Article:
With yet another rush to the head last summer, I offered to cook a celebration lunch for eight, as a ‘promise’ in aid of the Donhead St Mary fête. When the (very generous) winning bidder cashed this promise in, I was tasked with designing a simple three course menu that was special enough for a ‘Girlies' Celebration Lunch’, light enough for those who still had the school run to do, and most importantly, didn’t have me slaving over a hot stove for too many days beforehand. I believe I achieved the first two of these, although I was somewhat misguided about the latter.
‘Simple food’ is probably the sort I agonise over most. It is easier to have a disaster with a simple dish. That last little adjustment; too much fussing and tweaking and the invincible recipe that defies failure, but they still happen. I was determined none of my dishes would fit this description.
I arrived, reeking of organisation and cool confidence to find no one home. Heaven’s, it was today, wasn’t it? I let myself in and joined the dogs in the kitchen. To my great relief the hostess arrived from town, laden with flowers and wine. All was going to be fine as long as we could get rid of the dogs, which I caught eyeing up my creations.
The meal started with roasted figs, stuffed with a local cheese - Win Green from Cranborne Chase Cheese - deserved winner of the Gold award for British cheese 2009, available in Ludwell Stores. These were wrapped in prosciutto and drizzled with balsamic vinegar before roasting for 8-10 minutes. I made some flowerpot bread with poppy seeds to mop up the warm juices, sliced, and then served back in their pots. Very rustic. Still trying to think ‘simple’ you notice. All okay so far.
To follow, they had poached chicken breasts with pistachio and parsley mousse on braised pearl barley with leeks, tarragon and lemon butter. Topped with sweet potato crisps (shaved length ways and deep fried) - they were bright orange - fantastic. Served together with a warm green bean salad. This was followed by an assortment of puddings, Orange Bavarois with rose petal shortbread; Fruit tarts with crème anglaise and Chocolate, hazelnut and cinnamon meringues with warm ‘Venezuelan Black’ 100% Cacao chocolate sauce, (from Willie’s Chocolate Factory recipe book).
The star of the meal was the ‘low-brow, truly simple peasant food’ - the braised pearl barley. It has real substance with fresh and deeply satisfying flavours. So here it is. If you choose to make this with hulled barley, whilst more nutritious, it may be a little chewy and will take longer to cook. I would stick with the pearled barley myself. Incidentally, there were no disasters although I broke my own rule about keeping it simple. Would you have noticed? Okay, …maybe. aif
Braised Pearl Barley with Leeks, Lemon and Tarragon (after Gary Rhodes) Serves 3-4 as an accompaniment / 2-3 as a main course Around £0.60p per portion, when all ingredients purchased at Ludwell Stores.
1 large onion, finely chopped
175 g unsalted butter, softened but not melted
900ml vegetable or chicken stock (Try Marigold stocks if not homemade)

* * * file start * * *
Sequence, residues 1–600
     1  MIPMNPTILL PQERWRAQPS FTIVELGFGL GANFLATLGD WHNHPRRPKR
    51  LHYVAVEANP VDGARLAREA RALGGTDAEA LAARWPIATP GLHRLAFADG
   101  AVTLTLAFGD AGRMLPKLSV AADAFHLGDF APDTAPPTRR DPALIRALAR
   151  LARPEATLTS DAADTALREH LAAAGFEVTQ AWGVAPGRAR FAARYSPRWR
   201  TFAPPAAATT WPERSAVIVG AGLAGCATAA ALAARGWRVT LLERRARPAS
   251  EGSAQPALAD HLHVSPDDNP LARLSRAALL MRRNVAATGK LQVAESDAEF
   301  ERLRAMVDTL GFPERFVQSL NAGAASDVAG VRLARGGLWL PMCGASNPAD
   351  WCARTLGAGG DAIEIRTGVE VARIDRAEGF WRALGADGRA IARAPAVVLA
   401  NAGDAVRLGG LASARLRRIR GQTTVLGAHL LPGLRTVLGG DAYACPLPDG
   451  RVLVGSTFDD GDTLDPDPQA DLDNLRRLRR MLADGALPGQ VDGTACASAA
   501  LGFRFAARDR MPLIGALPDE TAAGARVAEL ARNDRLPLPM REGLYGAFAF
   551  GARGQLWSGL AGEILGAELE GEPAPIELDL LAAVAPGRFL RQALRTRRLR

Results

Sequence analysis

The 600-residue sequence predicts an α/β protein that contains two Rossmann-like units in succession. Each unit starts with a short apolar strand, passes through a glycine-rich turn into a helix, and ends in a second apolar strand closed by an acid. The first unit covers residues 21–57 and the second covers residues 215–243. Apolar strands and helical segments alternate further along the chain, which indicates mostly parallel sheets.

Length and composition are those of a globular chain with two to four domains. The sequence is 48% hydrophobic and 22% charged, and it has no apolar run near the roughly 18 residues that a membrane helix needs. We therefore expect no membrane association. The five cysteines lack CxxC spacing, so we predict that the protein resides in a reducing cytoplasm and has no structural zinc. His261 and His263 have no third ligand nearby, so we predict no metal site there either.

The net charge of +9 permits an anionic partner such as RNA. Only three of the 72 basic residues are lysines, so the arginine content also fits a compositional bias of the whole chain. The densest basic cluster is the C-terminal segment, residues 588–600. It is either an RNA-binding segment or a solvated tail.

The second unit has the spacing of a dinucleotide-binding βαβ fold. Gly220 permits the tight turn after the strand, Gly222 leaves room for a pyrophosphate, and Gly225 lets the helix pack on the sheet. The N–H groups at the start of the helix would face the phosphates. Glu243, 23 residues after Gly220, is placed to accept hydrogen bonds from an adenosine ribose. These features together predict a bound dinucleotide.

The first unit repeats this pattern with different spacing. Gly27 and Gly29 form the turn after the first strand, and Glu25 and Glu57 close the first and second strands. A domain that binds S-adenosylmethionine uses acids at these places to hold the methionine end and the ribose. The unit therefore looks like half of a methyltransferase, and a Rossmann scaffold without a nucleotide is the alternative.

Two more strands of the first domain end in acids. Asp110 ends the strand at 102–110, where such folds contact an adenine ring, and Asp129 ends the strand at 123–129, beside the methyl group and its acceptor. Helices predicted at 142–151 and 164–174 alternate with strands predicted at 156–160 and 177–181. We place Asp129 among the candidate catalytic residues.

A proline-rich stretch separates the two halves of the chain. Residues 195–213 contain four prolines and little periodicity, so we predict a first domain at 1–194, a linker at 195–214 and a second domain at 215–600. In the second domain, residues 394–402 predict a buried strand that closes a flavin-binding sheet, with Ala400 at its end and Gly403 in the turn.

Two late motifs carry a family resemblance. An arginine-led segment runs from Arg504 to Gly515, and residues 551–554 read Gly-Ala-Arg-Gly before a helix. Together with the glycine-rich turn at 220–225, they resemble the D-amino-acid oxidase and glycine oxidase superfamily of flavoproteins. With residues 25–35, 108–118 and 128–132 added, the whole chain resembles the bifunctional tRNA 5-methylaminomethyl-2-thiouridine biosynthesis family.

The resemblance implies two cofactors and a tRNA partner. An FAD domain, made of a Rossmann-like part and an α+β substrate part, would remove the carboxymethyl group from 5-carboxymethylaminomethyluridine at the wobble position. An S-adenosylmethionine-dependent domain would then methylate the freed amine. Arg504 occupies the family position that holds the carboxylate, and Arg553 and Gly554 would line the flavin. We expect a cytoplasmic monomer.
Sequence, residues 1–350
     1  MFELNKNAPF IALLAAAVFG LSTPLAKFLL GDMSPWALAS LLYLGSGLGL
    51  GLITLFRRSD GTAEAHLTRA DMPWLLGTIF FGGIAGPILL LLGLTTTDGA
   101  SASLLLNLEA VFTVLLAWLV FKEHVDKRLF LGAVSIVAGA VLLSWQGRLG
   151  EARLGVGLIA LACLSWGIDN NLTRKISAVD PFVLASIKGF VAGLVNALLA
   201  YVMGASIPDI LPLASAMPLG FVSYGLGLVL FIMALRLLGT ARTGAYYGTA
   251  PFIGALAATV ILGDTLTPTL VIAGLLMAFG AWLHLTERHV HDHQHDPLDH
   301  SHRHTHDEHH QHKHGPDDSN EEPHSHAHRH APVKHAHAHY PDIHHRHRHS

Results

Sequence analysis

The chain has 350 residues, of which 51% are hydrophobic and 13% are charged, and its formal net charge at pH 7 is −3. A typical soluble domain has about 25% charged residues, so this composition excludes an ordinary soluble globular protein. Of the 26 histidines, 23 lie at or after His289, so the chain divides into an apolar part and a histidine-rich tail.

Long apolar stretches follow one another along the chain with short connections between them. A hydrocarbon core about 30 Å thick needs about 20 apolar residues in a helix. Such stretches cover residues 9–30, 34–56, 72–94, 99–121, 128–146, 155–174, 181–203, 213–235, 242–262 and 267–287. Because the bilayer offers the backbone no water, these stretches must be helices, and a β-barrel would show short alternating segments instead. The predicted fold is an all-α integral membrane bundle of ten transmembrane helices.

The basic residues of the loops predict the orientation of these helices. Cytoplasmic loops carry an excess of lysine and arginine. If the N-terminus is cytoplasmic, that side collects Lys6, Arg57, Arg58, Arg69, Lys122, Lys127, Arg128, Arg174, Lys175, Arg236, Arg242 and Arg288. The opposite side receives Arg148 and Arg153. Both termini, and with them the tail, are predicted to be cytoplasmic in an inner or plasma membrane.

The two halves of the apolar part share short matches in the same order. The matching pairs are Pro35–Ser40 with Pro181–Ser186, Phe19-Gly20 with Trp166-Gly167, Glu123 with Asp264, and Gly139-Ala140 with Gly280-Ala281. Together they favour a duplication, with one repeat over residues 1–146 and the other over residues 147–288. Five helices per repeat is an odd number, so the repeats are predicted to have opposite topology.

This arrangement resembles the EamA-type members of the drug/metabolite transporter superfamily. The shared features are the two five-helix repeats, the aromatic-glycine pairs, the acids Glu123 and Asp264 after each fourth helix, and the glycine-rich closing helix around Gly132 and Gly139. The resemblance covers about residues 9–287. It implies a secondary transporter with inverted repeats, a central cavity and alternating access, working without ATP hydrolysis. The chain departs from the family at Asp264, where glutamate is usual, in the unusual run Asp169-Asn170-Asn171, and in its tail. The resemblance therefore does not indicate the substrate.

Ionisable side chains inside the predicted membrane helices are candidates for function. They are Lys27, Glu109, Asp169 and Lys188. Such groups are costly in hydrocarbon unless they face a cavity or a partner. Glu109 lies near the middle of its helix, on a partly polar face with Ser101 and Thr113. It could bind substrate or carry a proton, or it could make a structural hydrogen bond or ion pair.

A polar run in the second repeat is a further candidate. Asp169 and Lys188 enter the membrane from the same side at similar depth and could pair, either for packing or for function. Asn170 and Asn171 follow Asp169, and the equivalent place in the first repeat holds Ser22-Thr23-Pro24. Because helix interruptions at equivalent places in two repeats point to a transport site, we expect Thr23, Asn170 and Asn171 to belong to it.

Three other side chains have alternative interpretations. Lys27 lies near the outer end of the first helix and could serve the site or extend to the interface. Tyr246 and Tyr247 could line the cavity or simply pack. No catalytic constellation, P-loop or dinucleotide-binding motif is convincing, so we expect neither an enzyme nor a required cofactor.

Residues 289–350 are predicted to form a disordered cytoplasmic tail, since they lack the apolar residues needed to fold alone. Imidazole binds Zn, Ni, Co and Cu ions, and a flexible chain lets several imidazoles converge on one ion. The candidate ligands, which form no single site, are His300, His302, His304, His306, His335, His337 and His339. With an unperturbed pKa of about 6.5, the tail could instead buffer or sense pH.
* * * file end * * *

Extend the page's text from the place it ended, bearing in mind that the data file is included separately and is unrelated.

1 leek, sliced finely
100g pearl barley – (best to give it a quick rinse)
1 teaspoon fresh chopped tarragon (try thyme or dill if preferred)
1-2 lemons; juice of…..(one is enough if large)
Glug of Marsala or sherry (optional, but adds a wonderful sweetness)
1. Cook the onion, without colouring but just softened, in 50g of butter.
2. Bring 600ml of your stock to the boil and add the leeks, cooking for 30 seconds only. Strain the leeks reserving both the stock and the leeks.
3. Add the rinsed pearl barley to the onions and cook gently for 2-3 minutes, stirring to coat the grains.
4. If using, add a glug of Marsala or sherry, and let it bubble, stirring for a further minute. (Breathing deeply to enjoy the vapours).
5. Add the hot stock that you cooked the leeks in. Cover the pot and simmer, stirring often, until the barley becomes tender and creamy – approx 30 – 40 minutes. (Up to 60 minutes if using hulled not pearled barley – this will be chewier but still good).
6. If, at this stage there is excess stock in your pan, pour this off into your remaining stock, of which you will have about 300mls.
7. Mix the remaining butter with the lemon juice and tarragon. (At this stage you can cool the barley mix and refrigerate everything, ready to finish before you serve)
8. To finish the barley, add a knob of your tarragon and lemon butter with all the leeks, and warm through, stirring vigorously to ‘froth-up’ a little.
9. Re-boil your remaining stock, reducing it by a third, then gradually whisk in knobs of the lemon and tarragon butter, until you have a smooth sauce consistency. Season with salt and freshly ground black pepper. (Watch for salt content if you have used commercial stock cubes/powder).
10. Spoon the barley into the centre of warmed plates and pour the sauce around, before topping with roasted squash or mixed vegetables, grilled chicken or fish or a couple of Buttling’s award winning pork sausages, or simply enjoy as it is.
Once you have mixed the flavoured butter with the barley, it is not so great reheated, however if you must, just keep whisking it to stop the butter turning to oil, which would be horrid.
A truly, truly scrumptious, deeply satisfying dish.
These musings and recipes are gleaned from The Donhead Digest with the permission of AIF, their author.
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